For our next destination a 4×4 is highly recommended, as we were doing a self-drive in Kafue National Park. So the day after we picked up my mom and sister it was time to switch our minibus for a 4×4. Because we had to arrange a car on short notice, and we didn’t want to spend thousands of euros on a car for just a few days, we got an older Toyota Prado.
With this car we were able to arrive at Nahubwe Safari camp near Ithezi-thezi. Ithezi-thezi is a town near one of the park entrances of Kafue NP. The campsite turned out to be in a completely different place from what I expected. Google had shown the pin inside the national park. (Nahubwe Safari camp is NOT located here.) When we arrived on site (with directions of the manager) we saw that there was absolutely nothing there, except a run-down green tent. However, I did really like the view!
In this place – which had no facilities whatsoever – we unpacked our gas stove for the first time. It didn’t work. Later we realized that the gas canister we had with us was empty. The idea was to make a nice and simple macaroni bolognaise. However after struggling with the stove for so long none of us felt like actually cooking anymore. So we ended up grilling ham and cheese sandwiches over the fire.
Getting to the park – Ithezi-thezi entance
The following day we had already packed our tents early in the morning and went on our way to the park. It was time for our self drive through Kafue National Park. However, we couldn’t go straight to the entrance. We first had to get some petrol on the black market (again), because neither this gate, nor the main gate was close to a petrol station. (Why is it so difficult to get fuel in Zambia!?)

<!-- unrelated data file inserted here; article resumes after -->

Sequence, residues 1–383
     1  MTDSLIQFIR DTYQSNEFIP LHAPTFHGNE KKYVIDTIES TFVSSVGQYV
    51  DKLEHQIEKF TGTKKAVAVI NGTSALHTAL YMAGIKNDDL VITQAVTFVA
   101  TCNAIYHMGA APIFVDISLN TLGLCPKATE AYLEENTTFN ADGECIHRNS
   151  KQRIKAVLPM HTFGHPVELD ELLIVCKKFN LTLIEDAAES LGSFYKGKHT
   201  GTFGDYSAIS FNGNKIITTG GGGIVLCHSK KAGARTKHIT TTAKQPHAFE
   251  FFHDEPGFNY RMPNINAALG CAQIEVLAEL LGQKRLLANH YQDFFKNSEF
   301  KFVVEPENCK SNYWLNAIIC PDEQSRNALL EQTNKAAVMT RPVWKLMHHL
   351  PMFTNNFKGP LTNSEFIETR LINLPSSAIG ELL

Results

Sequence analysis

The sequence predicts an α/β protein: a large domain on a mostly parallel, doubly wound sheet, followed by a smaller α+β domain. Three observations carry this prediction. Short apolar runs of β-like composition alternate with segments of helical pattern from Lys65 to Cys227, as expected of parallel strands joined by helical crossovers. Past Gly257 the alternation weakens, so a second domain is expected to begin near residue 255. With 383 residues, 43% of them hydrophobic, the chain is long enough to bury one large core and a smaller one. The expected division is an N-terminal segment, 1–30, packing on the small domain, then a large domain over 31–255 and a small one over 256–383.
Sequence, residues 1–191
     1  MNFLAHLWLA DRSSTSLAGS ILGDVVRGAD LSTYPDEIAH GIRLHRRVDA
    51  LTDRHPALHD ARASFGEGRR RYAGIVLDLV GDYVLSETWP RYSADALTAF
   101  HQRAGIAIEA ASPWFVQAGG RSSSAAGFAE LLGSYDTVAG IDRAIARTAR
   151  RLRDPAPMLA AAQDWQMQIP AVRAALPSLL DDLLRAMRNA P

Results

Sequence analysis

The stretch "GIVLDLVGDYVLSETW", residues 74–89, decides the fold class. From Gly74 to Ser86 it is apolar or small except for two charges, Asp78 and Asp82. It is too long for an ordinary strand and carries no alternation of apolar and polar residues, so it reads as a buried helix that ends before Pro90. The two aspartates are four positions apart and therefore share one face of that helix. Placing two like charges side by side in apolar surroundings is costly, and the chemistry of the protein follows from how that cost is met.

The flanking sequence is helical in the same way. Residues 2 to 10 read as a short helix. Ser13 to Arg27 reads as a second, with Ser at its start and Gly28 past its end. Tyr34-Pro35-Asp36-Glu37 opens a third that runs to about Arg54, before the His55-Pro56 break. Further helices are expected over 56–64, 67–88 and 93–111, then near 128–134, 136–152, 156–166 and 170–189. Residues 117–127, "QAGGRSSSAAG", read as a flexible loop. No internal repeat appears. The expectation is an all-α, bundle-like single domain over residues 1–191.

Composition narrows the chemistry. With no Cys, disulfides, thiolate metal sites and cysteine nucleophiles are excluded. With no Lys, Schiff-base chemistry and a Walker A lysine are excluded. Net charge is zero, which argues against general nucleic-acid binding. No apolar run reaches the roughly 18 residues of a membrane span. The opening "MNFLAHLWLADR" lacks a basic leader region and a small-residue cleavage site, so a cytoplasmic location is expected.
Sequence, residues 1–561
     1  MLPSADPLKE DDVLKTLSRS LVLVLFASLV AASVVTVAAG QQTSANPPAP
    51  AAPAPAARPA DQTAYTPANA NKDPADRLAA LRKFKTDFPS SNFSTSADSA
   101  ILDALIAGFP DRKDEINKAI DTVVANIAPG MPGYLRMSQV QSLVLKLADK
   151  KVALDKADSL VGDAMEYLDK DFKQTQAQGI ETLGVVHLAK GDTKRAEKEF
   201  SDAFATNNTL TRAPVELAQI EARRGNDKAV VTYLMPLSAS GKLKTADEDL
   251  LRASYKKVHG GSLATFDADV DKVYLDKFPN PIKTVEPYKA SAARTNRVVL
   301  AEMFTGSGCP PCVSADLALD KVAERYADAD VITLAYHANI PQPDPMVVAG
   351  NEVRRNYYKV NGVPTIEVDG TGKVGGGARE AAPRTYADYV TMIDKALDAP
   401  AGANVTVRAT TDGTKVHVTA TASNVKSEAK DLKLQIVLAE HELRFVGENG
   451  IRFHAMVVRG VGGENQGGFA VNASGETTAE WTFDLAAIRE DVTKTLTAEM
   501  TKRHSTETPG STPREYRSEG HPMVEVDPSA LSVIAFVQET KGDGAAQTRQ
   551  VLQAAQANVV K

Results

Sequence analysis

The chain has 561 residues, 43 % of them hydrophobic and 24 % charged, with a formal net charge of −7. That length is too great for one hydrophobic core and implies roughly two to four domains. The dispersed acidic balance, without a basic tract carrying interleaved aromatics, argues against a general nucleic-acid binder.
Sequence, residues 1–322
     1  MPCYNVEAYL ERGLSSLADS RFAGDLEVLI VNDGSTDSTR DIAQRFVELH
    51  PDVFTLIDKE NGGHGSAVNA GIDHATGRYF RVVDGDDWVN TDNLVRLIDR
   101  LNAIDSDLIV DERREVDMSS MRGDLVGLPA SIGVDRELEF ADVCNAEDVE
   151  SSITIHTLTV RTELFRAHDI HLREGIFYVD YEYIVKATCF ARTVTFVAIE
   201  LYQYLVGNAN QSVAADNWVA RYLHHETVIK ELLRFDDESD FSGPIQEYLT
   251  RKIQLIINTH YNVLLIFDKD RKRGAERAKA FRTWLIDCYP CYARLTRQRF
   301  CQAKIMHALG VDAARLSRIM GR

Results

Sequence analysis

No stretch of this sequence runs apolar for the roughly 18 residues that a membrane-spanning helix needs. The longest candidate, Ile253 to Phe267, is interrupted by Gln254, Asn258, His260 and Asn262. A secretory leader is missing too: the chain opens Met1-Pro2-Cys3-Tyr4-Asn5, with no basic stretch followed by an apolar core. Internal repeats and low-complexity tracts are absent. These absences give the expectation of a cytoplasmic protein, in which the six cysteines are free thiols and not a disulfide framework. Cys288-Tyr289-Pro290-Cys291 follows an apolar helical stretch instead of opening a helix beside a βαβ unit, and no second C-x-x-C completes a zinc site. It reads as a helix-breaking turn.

Once in the park we would take the ‘spinal road’. This would lead us from south to north through the park. Our next campsite (Mapunga Bush Camp) was namely in the north of the park, as close as we could afford to the famous Busanga plains. The plains are known for the lions and other carnivores that roam this part.
Kafue National Park is only accessible by 4×4 and doesn’t have many tourists. In the south it’s especially very quiet. Animals are therefore easily scared off, opposed to animals in Kruger, for example. The spinal road was horrible because of the very deep corrugations, which even at low speeds caused the car to get out of control. We have not seen many animals in this part at all. A few groups of baboon and some antilopes. Because the animals in this part of the park were so skittish, the people we’ve seen driving behind us, probably haven’t seen any animals at all; every single one of them quickly took off as soon as they saw us.
When we decided to go off the main road